An independent review of Inuit children in Newfoundland and Labrador’s child protection system says the current system is “crisis-oriented” and lacks respectful involvement of Inuit families and culture.
Provincial child and youth advocate Jackie Lake Kavanagh released her report, A Long Wait for Change, Wednesday. It reviews case files and literature on Indigenous children in care and features interviews with people affected by the system.
The report found “pervasive” mistrust and fear among Inuit people towards child protection authorities and reported that separation of children from families resulted in a disconnect from culture, making transitions home more difficult.
“There is an urgent need to begin to work in a different way with Inuit children and youth now,” the report says.
The study was launched in 2018 at the request of the Nunatsiavut Inuit government in Labrador following concerns over the number of Inuit children being placed outside their communities.
As of 2018, about 15 per cent of the province’s 1,005 children in care – 150 children – were Inuit, according to the report. By comparison, just 1.3 per cent of the province’s population is Inuit, according to the 2016 census.
Of the Inuit children in care, 65 resided in homes on the island of Newfoundland and 85 were in Labrador.
In a sample review of 67 case files, the report found only one-third of children in the study sample had exposure to the Inuktitut language while in care.
A goal of family visits every six to eight weeks is in place, but the report found “no consistency for access,” and most parents had to travel to see their children. The distance separating families was especially difficult, according to the report, as travel was hindered by cancellations and weather. Children were sometimes afraid of travelling home in small planes.
Some children reported forgetting their language, difficulty pronouncing their own last names and not knowing their siblings’ names. Children said they missed home and felt the loss of their culture contributed to a loss of identity.
“When supported and nurtured, this identity is a source of strength, pride and hope. Our file review showed that this does not seem to be truly appreciated,” Lake Kavanagh wrote.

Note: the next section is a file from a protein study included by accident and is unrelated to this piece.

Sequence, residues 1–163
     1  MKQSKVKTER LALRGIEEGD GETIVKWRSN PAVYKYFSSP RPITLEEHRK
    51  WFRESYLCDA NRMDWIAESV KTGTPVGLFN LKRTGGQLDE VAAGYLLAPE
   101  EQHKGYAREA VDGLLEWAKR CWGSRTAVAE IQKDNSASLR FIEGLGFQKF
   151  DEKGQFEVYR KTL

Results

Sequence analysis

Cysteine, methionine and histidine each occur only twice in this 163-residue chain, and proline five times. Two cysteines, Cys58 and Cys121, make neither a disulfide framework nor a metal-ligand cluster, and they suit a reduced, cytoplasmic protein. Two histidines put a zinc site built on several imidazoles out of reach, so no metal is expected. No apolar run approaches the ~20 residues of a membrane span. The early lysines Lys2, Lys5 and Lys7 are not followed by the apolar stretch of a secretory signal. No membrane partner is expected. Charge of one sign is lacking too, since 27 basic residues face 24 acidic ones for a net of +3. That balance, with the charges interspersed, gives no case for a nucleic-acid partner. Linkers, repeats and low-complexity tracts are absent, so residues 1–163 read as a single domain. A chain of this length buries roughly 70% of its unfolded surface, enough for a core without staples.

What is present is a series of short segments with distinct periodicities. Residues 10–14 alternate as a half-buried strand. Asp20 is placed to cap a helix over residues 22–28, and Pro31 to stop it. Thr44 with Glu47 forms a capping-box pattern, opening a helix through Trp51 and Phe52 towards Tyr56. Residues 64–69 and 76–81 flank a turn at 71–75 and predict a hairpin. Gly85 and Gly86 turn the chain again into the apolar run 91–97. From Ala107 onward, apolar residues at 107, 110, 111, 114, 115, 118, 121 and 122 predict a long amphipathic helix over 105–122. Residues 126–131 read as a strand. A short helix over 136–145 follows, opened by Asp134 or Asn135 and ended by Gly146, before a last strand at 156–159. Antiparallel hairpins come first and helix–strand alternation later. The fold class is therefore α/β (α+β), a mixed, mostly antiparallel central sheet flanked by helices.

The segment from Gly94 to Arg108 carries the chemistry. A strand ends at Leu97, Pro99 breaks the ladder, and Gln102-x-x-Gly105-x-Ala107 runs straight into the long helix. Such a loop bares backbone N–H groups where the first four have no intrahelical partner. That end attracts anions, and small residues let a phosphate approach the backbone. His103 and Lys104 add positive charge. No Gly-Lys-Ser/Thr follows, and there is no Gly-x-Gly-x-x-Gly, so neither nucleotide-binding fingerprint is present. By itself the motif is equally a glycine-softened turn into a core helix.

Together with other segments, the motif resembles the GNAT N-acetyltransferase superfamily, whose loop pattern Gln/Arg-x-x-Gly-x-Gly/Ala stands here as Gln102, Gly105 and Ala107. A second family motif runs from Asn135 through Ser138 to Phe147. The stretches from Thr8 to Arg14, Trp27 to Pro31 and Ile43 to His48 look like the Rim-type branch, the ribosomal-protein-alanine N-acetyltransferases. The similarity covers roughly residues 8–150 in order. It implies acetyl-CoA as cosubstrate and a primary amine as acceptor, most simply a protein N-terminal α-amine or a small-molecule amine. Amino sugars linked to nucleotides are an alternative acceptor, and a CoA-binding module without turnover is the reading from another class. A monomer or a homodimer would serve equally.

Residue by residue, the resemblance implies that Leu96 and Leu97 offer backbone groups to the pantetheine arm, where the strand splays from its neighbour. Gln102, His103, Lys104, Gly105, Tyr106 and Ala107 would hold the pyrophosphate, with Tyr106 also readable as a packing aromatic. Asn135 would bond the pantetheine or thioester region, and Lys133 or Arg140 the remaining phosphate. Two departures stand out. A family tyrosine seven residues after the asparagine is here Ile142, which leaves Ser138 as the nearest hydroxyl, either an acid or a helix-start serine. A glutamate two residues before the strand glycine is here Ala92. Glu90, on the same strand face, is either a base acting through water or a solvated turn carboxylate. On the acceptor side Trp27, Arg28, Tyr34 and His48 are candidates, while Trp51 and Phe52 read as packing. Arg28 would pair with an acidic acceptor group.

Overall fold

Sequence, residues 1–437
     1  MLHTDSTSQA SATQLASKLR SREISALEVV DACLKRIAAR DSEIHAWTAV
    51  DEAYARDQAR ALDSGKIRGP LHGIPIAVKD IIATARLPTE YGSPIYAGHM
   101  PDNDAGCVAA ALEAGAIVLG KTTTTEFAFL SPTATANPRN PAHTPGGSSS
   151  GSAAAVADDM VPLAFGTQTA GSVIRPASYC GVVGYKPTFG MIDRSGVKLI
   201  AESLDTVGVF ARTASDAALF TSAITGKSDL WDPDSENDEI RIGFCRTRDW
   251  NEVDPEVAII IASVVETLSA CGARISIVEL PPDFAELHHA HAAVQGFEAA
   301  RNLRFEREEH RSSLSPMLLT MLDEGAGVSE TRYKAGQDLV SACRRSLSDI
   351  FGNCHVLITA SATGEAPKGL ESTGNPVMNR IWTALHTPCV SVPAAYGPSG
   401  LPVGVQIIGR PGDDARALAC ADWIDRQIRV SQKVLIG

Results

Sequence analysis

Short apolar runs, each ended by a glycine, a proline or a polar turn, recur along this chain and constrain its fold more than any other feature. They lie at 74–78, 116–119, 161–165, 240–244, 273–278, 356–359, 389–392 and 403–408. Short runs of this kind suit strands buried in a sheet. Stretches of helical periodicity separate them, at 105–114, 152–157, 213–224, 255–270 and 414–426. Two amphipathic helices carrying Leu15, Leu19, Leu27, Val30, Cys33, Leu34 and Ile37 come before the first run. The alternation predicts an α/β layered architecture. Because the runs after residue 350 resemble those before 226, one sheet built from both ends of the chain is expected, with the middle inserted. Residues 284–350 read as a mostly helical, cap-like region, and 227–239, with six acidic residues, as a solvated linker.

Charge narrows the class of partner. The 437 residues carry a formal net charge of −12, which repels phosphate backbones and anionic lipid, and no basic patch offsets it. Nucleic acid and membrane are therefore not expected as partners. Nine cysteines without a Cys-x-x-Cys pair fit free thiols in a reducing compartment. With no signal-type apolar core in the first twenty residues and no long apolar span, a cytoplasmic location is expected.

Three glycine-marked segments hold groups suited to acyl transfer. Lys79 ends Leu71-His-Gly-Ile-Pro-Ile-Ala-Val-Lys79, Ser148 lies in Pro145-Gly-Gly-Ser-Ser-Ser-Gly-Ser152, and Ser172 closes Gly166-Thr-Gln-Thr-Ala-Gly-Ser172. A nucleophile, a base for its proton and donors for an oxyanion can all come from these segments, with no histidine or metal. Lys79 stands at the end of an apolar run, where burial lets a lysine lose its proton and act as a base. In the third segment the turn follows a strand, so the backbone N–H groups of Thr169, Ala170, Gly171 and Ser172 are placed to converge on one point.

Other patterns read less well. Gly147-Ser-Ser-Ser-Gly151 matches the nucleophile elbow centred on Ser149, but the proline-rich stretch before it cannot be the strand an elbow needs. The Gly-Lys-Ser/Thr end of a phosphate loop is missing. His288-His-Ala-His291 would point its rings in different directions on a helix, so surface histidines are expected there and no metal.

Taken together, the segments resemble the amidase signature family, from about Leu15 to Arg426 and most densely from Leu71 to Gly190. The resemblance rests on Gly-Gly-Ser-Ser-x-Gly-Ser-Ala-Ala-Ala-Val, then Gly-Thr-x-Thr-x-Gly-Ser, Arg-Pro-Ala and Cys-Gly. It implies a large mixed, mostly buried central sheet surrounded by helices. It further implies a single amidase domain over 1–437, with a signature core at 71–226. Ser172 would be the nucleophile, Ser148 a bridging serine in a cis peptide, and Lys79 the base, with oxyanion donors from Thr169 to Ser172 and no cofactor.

For the most part, foster parents wanted to help children maintain connections to their families and culture but felt they had not received adequate cultural training from the provincial government.
Gerald Asivak, Nunatsiavut’s minister of health and social development, said the “long overdue” report was met positively at an event in Nain, Labrador on Wednesday.
“There was some weeping and some emotion, but I think in a positive regard for finally being heard,” Asivak said by phone.
He said he’s confident that all recommendations are achievable in collaboration with the provincial government, and expressed confidence in the commitment of his provincial counterpart, Lisa Dempster, who was present in Nain for the report’s release.
Lake Kavanagh identified untapped potential for community-based care, but noted the high vacancies and turnover in Labrador-based social work positions. She recommends the province actively recruit and support care workers in Inuit communities and focus on crisis prevention rather than reaction to better keep families together.
She made 33 recommendations, including that the province begin laying the groundwork for an eventual transfer of child protection services to the Nunatsiavut Government.
Overall, people showed “remarkable” resolve for improving the system, the report reads, but meaningful change is held back by mistrust, partly stemming from intergenerational trauma of residential schools and parents who have lived in care themselves.
“If the Government of Newfoundland and Labrador moves forward with a commitment to genuine and meaningful change with Inuit communities and governments, it will have no shortage of participants in that process. But Inuit will need to be engaged respectfully and as equals,” it says.
The Nunatsiavut government is working towards eventually taking over full responsibility of child protection services, Asivak said, with some social workers already hired and new programs in place for training, but there is no firm date for the full transition.
In the meantime, Asivak, himself a former social worker, said the provincial agency can rebuild damaged trust in Inuit communities by having a positive presence, through things like open houses, recruiting foster parents and coming to community events.
“There’s trauma. There’s a sense that if you go to them, you’re in trouble. So breaking some of those old myths,” he said.
Dempster said in a phone interview her department will analyze the report in detail before accepting all its recommendations.
She said the new Children, Youth and Families Act, which became law in June, includes sections that prioritize keeping Indigenous children with families and communities and care placements that support their culture.
She said the department is a developing a new, more culturally sensitive training model for social workers to improve trust with Inuit families and will work with Nunatsiavut government officials on strengthening the system.
“We all want better outcomes for these children and youth that we are working with, and we don’t want there to be trust issues,” Dempster said.
“We want it to be a positive, healthy relationship. We’re going to continue to strive for that.”
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